An old favourite is back – and not just swallows fly at Shelsley Walsh
It isn’t the most famous corner named Paddock in Kent, but as a showcase for older cars’ fluid body language it has few peers. And it was nice to see it restored to its proper purpose, for August 12 heralded the first car race meeting at Lydden Hill for more than two years.
Inconveniently located it might be (unless you happen to live in Canterbury, Dover or France), but Lydden has always been worth the trip and is presently trying to re-establish itself on the nation’s sporting conscience. World RX has been taken away (though the 2017 posters remain) and drifting – a staple in recent years – seems to have, well, drifted, which leaves track days, the occasional motorcycle event, a couple of national rallycross fixtures and, hopefully, a growing number of car meetings from next season.
The Classic Touring Car Racing Club was at the helm for the venue’s ‘rebirth’. It was curiously uplifting to pass a trailer-borne Alfasud en route – and even more so to see a Mini Countryman special saloon in the paddock. Such things, surely, are among the principal reasons for the world’s invention…
“I caused a bit of an internet storm last year,” said Countryman driver Bill Richards, a Lydden veteran. “I won the Fastest Mini in The World race at Brands Hatch in ‘Bessie’, my old Metro. That triggered lots of complaints, because it wasn’t really a Mini, so I did a bit of tape measurement, found the Countryman was the same length as a Metro and made a new body to drop onto the chassis.” Result: no more complaints. A split hydraulic pipe sidelined the car after a couple of practice laps, so he popped home to collect his steel-shelled Mini Clubman and obtained dispensation to start from the back. As you do.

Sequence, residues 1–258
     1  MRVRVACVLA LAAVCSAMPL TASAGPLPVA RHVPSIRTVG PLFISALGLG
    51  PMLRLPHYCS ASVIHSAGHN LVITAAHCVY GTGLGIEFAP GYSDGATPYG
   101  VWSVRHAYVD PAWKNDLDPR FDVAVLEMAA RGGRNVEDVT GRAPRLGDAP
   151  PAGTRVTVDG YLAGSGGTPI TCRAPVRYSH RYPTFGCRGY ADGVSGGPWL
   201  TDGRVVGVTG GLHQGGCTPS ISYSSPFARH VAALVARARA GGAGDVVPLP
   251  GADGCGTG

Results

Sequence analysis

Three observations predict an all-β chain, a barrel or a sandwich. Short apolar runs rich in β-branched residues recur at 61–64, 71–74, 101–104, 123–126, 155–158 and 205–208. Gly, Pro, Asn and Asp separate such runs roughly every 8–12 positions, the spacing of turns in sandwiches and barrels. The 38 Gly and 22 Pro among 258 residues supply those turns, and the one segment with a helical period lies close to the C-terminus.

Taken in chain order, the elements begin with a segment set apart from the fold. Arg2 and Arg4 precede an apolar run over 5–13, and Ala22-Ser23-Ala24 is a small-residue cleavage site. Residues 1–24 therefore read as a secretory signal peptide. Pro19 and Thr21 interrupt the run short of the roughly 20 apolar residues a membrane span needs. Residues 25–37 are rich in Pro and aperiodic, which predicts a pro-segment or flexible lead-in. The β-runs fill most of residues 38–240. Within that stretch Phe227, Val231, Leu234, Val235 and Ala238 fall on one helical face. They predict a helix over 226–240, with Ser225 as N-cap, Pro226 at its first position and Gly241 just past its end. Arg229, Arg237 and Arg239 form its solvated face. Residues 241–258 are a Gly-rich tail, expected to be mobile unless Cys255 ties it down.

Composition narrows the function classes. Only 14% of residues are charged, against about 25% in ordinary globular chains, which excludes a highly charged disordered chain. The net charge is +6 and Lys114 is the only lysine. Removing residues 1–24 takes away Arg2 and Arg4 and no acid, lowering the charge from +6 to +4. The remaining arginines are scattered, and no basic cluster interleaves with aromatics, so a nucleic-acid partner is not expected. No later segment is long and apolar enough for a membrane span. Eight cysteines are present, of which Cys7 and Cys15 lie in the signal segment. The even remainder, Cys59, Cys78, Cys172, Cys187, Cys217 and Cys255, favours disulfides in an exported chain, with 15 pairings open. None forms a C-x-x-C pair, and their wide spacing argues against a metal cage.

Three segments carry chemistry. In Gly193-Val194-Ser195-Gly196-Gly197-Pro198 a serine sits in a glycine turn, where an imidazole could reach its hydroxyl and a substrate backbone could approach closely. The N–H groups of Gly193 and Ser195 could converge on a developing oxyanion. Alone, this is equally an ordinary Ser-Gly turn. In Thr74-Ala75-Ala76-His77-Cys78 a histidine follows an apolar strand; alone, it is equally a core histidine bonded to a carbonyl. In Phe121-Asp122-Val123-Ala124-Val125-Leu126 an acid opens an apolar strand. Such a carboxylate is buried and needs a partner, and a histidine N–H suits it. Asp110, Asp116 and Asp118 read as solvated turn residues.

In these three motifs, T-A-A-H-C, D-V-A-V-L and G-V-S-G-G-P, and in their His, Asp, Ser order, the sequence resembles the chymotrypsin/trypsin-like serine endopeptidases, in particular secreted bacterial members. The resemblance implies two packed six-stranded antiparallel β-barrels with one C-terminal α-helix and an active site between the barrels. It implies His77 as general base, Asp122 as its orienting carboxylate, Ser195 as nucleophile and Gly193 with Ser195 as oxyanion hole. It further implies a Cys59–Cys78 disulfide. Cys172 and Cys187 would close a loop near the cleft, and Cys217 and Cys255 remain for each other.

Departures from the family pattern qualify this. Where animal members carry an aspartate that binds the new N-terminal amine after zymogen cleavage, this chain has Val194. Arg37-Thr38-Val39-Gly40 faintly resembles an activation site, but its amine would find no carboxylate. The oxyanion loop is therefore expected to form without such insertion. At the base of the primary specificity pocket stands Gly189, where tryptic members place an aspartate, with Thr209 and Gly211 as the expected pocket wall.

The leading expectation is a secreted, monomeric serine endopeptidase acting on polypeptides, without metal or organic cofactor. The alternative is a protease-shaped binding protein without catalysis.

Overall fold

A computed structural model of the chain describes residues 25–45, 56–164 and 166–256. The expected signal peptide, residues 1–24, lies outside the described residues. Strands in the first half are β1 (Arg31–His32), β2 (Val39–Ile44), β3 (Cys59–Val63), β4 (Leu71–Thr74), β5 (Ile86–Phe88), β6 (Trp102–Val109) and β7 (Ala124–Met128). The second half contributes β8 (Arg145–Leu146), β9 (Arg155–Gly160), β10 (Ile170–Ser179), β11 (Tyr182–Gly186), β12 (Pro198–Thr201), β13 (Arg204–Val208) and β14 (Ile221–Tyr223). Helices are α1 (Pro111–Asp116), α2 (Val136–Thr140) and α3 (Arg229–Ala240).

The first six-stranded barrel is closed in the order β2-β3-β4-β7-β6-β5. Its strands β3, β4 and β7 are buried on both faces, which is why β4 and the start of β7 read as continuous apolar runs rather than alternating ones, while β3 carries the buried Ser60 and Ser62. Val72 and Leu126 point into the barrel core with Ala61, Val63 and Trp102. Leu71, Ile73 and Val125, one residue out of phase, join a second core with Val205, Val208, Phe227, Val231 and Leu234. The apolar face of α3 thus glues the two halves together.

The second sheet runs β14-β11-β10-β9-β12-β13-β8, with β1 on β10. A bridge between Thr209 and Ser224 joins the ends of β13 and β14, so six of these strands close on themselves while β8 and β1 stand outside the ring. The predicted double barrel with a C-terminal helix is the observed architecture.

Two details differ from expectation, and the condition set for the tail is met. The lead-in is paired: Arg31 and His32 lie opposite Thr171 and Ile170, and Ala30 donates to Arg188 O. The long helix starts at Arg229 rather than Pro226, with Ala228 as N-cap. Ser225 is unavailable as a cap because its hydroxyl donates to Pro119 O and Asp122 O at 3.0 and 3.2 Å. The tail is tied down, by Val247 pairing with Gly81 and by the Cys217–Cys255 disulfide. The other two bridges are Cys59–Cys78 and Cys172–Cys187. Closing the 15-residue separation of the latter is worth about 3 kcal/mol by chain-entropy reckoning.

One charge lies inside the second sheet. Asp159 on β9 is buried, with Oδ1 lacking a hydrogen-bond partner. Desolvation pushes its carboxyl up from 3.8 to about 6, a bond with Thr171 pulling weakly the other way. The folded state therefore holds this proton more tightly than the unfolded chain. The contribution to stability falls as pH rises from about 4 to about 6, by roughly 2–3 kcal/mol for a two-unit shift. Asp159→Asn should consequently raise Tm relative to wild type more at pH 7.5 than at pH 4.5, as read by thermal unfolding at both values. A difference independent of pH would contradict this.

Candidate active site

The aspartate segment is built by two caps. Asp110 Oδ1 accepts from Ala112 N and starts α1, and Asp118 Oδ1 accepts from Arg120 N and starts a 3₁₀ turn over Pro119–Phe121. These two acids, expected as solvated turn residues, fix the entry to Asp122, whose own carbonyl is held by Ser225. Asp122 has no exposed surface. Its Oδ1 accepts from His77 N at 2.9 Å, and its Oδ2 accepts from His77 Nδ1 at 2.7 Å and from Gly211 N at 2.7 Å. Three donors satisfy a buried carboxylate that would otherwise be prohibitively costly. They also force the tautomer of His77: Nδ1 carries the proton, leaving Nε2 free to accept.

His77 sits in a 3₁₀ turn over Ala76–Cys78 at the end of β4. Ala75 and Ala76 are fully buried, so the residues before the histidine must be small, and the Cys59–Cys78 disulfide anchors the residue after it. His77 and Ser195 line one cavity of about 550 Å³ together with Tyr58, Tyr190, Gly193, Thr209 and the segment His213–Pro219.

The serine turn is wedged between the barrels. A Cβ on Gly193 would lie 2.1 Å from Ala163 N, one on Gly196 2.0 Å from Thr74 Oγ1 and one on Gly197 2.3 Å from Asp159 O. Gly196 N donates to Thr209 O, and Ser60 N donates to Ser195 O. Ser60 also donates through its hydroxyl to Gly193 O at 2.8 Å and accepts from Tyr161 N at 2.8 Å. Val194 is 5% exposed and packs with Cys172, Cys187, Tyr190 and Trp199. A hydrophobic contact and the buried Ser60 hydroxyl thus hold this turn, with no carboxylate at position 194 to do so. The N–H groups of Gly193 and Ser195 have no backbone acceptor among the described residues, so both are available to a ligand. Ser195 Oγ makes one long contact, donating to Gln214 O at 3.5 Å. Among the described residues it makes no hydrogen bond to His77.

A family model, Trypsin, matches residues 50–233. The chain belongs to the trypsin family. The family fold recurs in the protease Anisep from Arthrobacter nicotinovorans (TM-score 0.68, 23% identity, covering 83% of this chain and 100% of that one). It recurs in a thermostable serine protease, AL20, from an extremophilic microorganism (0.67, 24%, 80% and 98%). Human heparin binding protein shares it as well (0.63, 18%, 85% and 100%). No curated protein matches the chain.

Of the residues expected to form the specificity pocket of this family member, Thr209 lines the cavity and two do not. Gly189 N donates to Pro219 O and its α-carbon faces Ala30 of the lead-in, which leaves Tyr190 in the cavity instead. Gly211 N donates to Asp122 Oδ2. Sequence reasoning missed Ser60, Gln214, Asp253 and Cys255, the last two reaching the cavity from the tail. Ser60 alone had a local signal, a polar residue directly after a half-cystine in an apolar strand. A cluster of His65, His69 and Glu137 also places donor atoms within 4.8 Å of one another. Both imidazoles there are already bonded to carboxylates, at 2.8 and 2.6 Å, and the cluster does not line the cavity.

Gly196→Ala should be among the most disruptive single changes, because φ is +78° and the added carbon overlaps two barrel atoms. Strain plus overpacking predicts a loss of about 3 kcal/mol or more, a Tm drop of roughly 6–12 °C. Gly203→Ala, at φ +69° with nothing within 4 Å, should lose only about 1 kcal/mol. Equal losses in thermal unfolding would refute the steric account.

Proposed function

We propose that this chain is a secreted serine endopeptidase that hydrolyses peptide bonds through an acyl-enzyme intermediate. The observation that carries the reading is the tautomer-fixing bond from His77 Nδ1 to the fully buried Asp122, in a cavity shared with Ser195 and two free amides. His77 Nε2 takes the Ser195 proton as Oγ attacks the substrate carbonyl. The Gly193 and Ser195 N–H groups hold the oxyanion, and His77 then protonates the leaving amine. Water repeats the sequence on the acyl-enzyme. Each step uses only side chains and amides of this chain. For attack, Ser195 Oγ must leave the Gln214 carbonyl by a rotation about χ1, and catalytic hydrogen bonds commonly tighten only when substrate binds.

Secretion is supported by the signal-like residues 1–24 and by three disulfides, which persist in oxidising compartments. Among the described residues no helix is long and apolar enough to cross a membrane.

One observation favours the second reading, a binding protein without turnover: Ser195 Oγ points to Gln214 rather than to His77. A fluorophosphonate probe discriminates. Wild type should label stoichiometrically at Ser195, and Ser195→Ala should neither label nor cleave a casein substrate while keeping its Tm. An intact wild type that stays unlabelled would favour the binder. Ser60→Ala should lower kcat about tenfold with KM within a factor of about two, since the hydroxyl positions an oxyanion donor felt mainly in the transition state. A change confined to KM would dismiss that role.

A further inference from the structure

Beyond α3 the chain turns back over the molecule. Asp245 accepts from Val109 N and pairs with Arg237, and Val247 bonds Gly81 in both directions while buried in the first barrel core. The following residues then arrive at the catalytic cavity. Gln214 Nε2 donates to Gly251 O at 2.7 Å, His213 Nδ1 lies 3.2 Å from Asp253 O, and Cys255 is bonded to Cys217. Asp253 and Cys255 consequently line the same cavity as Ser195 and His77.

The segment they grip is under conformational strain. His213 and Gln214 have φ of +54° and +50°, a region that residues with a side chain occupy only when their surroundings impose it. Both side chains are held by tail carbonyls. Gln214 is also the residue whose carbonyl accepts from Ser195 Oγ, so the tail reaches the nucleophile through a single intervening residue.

In an era when tight timetables and overly obsessive use of red flags tends to compromise old-fashioned concepts such as lunch, this was a refreshing throwback. With five healthy grids of cars racing twice apiece, practice was over by 11.00 to create a civilised two-hour break – albeit peppered with historic kart demos and classic car parades.
On a day ripe with Vauxhall Firenzas, Morris Minors, a Saab 9000, a Ford Cortina Mk2 and at least a whole year’s production run of Escorts, much of the racing was good – though admirably tough refereeing was required when Honda Civic drivers AJ Owen and Luke Allen tangled at Paddock. Owen shoved his rival through the corner and off onto the adjacent rallycross track, as a consequence of which he was excluded from both the race result and the balance of the meeting. Stewards at other events, take heed.
Escort drivers Pete Winstone and Jason Christie demonstrated how things should be done, competing fiercely but fairly while but a couple of millimetres apart – a perfect illustration of grass-roots racing’s essence.
Mathematically it was possible for Lamborghini Huracán drivers Phil Keen and Jon Minshaw to wrap up the British GT Championship in Kent on August 6, but… “Just you watch,” said one leading entrant. “The way the Balance of Performance parameters have been moved around, I’d be amazed if anything other than a Bentley won today.”
And so it came to pass. The Continental GT3 might not be at its best in the wet, leaving the Team Parker Racing entry of Rick Parfitt and Seb Morris sixth on the grid, but Parfitt worked his way efficiently to the front in the dry and built a safe advantage that Morris was able to maintain during the race’s second phase.